On this episode of the Antioch Podcast, we will be exploring the rise of black youth protest in Chapter 4 of A City Within A City. For those of you just joining us, we have been looking at the black freedom struggle in Grand Rapids, Michigan from the first Great Migration to the present. Grand Rapids is a “second tier city”, a smaller city whose African American population addressed the racism it encountered in way which both mirrored, and diverged from, the broader struggle for civil rights in the United States. The unique signature of racism in this area, and area known for its many churches and Christian institutions, contains theological and church policy threads which which we are illuminating alongside the narrative provided in the historical narrative recorded by Todd E. Robinson in his book.
We pick up the story in the 1960’s outside South High, the formerly “elite” public High School which over time found itself on the edge of the red-lined neighborhoods in which African-Americans were forced to reside. One thing we know is true about racism: racism rarely disappears. Rather than being eradicated through the conviction of conscience and subsequent policy reforms, racism is more likely to re-invent itself to keep up with the times. American history is littered with examples of how racist policy changes in one aspect only: the use of language. Policies with racist effects began changing during this period from policies written in overt and offensive racist language, to more subtle coded language that still had the effect of legalized racial oppression. To the white person mildly aware of racial injustice, the language change may have seemed to be “progressive” or even “kind”, while maintaining the system of racial segregation intact. To African-Americans and other people of color, the change of language did nothing to address the compounded generational inequity created by the generations of racist policies of the broader white society.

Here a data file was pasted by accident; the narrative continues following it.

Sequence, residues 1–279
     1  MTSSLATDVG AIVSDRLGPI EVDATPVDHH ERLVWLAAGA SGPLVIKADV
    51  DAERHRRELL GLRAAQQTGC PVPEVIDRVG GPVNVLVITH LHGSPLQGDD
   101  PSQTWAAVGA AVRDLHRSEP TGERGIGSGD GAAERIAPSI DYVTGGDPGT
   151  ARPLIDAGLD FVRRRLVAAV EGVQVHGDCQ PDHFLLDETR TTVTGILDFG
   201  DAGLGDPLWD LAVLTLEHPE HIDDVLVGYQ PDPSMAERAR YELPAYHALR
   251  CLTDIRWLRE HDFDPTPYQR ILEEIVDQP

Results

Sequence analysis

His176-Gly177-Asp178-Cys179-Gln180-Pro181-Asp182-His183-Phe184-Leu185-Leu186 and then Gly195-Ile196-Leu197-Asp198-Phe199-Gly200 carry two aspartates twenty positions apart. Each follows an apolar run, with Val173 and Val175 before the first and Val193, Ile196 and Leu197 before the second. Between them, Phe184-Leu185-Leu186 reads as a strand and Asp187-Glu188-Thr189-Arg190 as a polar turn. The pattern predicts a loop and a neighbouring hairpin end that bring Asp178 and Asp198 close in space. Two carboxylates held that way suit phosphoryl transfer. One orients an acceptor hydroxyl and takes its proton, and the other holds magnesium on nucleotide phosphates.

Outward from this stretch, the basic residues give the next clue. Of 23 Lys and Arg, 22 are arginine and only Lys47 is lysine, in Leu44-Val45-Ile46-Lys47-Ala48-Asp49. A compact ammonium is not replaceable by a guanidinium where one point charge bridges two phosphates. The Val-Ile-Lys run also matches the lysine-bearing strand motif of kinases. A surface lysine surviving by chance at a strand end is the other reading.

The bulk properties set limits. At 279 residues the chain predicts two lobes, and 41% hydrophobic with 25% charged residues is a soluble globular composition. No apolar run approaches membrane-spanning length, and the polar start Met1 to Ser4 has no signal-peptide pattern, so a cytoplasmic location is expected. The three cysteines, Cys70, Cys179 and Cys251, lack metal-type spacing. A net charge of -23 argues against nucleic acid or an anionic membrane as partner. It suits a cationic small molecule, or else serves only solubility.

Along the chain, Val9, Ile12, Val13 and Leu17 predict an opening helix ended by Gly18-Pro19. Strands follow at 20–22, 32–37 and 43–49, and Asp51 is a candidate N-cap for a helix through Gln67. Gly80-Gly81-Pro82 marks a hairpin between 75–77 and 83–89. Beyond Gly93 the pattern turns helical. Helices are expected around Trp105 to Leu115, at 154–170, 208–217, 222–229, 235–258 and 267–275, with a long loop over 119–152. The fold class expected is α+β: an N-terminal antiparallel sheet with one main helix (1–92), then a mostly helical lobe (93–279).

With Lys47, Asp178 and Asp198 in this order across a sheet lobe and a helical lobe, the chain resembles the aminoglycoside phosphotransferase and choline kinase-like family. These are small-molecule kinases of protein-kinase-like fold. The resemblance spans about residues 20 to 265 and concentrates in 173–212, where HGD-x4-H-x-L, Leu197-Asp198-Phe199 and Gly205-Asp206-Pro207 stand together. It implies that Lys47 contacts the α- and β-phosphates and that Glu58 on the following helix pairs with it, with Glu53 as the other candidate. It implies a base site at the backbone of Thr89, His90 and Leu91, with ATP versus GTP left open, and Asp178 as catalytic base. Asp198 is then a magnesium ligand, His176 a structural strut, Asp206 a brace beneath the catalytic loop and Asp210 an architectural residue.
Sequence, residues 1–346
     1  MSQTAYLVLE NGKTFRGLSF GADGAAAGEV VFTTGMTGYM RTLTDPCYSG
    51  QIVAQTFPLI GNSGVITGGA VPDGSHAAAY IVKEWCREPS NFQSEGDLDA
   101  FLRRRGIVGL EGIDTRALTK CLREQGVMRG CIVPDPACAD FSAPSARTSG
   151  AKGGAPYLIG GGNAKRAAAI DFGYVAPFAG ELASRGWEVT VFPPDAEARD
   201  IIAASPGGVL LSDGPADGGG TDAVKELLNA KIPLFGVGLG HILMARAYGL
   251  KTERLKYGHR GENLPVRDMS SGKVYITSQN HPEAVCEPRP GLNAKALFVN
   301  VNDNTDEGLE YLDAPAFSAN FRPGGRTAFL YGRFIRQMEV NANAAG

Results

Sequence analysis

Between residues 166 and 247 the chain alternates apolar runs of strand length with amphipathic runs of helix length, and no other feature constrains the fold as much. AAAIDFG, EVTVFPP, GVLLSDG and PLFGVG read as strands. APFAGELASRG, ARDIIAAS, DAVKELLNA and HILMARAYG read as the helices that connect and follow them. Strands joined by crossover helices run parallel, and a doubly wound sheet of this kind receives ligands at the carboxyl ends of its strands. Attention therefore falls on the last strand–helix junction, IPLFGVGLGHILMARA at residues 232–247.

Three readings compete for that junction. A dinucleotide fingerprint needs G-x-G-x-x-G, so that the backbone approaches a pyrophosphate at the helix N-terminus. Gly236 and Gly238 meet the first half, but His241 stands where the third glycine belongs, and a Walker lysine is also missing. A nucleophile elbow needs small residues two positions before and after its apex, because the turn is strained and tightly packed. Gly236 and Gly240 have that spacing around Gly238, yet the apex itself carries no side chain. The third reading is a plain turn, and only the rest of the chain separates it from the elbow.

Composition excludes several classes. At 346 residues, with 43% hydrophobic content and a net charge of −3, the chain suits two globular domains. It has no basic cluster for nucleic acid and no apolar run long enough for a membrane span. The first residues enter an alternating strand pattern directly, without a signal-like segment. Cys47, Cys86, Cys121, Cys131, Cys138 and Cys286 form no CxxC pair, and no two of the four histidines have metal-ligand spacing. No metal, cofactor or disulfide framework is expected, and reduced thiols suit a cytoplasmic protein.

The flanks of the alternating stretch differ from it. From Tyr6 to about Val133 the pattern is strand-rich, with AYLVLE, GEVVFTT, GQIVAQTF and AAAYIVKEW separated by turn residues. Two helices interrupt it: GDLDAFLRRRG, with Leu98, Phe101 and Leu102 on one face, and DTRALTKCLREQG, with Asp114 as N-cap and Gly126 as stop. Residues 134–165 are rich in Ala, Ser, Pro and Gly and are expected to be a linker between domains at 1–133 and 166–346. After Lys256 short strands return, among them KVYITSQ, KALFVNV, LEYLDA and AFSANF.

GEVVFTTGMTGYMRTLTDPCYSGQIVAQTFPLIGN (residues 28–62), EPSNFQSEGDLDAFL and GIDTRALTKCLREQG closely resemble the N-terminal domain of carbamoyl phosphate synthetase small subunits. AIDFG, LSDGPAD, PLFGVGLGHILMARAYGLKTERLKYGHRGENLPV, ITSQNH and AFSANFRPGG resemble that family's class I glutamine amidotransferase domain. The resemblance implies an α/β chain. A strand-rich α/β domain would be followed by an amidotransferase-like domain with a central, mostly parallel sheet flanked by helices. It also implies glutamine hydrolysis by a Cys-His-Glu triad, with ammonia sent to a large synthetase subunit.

In the case of South High, the form that racism took was in a strictly enforced school-wide dress code. At South High, where 30% of the students were African-American, the dress code was more rigidly interpreted, and more zealously enforced, than at any of the other – whiter – public high schools in the district. The school dress code covered skirts, shirts, slacks, socks, shoes and short hair, but did not set standards set for facial hair – short or otherwise. It was this policy that pushed one High School Senior, Cleo Cross, to decide he was not going to be pushed around any more. This incident became known as the “Mustache Saga”. His stand would briefly land him in the national spotlight, with the racism of Grand Rapids in his shadow. It was the first time that the managerial racism endemic to Grand Rapids was ineffective at a grand scale.
We will explore how this story unfolded, as well as explore some of the thinking – especially theological thinking – which may have been present in the white community which would have fed their complicity with racism.